Some very fine jazz musicians never lead a band or a recording session, instead spending their careers as sidemen making other people sound good. Drummers, in particular, tend not to be full-time leaders (Art Blakey, Elvin Jones, and Max Roach notwithstanding), probably because there's such a heavy demand for their services. Leroy Williams is a prime example; a musician' musician if ever there was one, Williams played in the bands of Thelonious Monk, Sonny Rollins, Booker Ervin, Clifford Jordan, Stan Getz, and Hank Mobley, to name only a few -- the complete list is long and impressive.
Mostly self-taught, Williams began playing drums in his teens. He played with pianist Judy Roberts for several years beginning around 1959. He moved to New York in the mid-'60s and played with tenor saxophonist Ervin in 1967. The next year he played with Rollins, tenor saxophonist Archie Shepp (at the Newport Jazz Festival), and tenor saxophonist Jordan. In 1969, Williams began a long-standing association with Barry Harris, recording the first of several albums with the pianist. He played with tenor saxophonist Mobley and bassist Wilbur Ware in 1970; he also got the job with Monk that year (probably through Ware, who was also in the band). Williams toured with Monk that summer; he left just prior to an October tour of Japan, replaced by Lenny McBrowne. During the '70s, he freelanced with such leaders as tenor saxophonist Yusef Lateef, pianist Ray Bryant, and saxophonist Charles McPherson; also Getz, pianist Andrew Hill, saxophonists Sonny Stitt, Junior Cook, Al Cohn, Buddy Tate, and Bob Wilber, among many others. In the '80s, he combined with bassist Art Davis to form a rhythm section for two different pianists, Barry Harris and Tommy Flanagan. He also recorded with trombonist Steve Turre and trumpeter Bill Hardman. In the early '90s, he recorded with alto saxophonist Lee Konitz, and also Anthony Braxton on one of the avant-gardist's "standards" projects.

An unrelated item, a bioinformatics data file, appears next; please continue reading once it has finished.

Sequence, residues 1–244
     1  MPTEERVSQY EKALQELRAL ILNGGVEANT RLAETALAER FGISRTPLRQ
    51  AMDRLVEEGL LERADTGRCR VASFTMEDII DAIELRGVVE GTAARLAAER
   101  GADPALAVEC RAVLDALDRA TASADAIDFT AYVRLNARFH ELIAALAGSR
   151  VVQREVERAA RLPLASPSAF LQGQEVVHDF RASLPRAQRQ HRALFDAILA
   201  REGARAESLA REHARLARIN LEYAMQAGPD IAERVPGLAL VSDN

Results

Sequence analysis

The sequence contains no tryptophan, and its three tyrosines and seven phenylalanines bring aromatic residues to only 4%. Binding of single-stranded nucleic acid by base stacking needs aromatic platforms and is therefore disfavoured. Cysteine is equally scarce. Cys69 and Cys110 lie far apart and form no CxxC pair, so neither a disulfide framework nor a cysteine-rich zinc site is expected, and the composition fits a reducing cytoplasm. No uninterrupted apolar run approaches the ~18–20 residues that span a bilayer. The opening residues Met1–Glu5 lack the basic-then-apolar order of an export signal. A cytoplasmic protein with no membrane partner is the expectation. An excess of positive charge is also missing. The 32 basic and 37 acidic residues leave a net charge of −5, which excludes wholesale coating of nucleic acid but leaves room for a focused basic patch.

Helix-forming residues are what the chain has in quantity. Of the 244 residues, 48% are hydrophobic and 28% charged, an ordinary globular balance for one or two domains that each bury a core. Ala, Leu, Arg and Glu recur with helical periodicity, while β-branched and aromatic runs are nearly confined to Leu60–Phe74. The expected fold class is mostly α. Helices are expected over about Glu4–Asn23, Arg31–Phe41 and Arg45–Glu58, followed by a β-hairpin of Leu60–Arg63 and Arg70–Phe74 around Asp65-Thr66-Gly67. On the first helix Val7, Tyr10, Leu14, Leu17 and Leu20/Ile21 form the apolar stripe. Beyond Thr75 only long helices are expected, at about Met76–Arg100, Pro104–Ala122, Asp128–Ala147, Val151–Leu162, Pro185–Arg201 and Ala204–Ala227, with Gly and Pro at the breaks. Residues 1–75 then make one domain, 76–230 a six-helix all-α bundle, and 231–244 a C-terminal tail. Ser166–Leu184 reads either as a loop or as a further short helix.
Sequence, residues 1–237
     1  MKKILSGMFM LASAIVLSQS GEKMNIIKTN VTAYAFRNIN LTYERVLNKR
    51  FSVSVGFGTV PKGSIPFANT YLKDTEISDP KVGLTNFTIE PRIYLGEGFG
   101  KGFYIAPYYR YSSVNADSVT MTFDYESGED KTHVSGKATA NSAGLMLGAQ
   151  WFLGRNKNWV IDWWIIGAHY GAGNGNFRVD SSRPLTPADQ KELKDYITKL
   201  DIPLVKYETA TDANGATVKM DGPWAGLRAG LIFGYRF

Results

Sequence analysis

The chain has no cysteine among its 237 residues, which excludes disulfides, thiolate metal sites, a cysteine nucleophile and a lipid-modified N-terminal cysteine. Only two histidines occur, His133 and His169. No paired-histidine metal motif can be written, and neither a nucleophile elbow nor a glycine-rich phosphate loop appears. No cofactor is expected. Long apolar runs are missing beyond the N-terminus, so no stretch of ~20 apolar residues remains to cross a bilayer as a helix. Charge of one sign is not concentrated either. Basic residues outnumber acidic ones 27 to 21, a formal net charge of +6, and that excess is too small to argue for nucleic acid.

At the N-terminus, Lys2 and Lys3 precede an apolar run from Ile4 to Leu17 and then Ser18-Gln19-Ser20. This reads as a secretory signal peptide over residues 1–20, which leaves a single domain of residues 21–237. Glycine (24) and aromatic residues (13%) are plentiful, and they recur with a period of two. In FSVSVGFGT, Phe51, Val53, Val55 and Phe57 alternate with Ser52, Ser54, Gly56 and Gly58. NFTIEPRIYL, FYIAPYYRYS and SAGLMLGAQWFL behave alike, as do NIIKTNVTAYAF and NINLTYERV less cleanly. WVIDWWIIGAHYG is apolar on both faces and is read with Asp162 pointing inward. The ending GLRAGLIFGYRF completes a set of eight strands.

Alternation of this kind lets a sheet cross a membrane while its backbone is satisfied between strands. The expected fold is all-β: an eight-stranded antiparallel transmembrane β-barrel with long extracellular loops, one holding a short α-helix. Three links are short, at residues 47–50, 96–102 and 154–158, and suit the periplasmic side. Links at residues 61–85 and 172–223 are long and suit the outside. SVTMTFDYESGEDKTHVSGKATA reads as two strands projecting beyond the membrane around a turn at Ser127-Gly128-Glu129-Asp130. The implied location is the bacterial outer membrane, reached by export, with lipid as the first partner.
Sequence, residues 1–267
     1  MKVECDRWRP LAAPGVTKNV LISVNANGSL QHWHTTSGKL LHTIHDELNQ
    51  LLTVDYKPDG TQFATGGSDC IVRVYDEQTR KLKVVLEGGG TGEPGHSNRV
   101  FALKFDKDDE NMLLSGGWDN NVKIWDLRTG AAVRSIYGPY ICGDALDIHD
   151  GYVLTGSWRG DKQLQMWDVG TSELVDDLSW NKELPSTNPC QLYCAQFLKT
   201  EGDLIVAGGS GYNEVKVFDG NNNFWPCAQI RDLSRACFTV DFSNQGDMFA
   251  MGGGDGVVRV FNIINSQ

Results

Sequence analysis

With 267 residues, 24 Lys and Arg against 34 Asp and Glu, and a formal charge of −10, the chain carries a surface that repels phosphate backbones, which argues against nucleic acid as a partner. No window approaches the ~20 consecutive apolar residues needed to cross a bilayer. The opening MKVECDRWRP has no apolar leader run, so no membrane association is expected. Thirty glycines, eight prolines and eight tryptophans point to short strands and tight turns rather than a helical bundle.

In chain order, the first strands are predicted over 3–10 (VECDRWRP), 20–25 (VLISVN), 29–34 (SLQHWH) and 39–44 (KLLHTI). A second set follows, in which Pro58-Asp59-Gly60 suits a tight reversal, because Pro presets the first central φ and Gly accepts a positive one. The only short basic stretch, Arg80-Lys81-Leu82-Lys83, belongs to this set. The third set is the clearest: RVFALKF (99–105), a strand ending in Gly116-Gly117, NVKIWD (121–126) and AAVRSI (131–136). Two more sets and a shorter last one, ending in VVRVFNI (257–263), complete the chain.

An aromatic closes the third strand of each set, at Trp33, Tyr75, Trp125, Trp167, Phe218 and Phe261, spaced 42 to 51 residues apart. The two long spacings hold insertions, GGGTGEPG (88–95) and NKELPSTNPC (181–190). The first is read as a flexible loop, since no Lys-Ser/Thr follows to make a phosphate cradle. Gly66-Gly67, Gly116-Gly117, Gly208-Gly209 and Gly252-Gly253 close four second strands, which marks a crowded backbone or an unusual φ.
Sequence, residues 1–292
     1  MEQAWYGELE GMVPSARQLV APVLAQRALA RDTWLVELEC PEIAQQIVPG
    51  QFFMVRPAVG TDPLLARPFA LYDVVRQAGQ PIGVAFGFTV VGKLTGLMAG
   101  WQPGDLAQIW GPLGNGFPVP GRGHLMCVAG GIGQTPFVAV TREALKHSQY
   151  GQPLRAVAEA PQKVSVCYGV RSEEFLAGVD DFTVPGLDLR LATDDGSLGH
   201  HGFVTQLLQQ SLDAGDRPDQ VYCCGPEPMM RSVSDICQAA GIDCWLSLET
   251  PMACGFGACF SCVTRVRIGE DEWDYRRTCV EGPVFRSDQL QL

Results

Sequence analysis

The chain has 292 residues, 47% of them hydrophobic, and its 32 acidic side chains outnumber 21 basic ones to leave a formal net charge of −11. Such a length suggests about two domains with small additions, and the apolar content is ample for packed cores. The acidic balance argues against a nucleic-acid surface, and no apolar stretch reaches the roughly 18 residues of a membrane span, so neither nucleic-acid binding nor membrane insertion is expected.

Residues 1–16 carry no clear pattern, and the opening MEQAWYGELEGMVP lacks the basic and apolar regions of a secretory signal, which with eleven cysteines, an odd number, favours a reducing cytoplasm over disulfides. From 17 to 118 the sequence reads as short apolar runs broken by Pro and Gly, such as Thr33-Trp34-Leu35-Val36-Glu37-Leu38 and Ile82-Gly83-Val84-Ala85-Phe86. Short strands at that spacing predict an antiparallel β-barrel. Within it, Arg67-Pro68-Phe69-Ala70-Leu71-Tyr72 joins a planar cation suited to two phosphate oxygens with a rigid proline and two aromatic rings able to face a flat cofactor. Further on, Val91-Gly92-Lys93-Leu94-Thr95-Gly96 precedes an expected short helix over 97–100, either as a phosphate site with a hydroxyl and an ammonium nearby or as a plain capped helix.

By the mid-'90s, most of the legends Williams had played with were gone, but he remained active, playing with a new generation of bop-oriented players including saxophonist Ralph Lalama and pianist Pete Malinverni. At the turn of the decade, Williams was a member of the cooperative band el Mollenium, which also included guitarist Roni Ben-hur, pianist Bertha Hope, and bassist Walter Booker. The band is devoted largely to interpreting the music of Hope's late husband, the pianist Elmo Hope. ~ Chris Kelsey, Rovi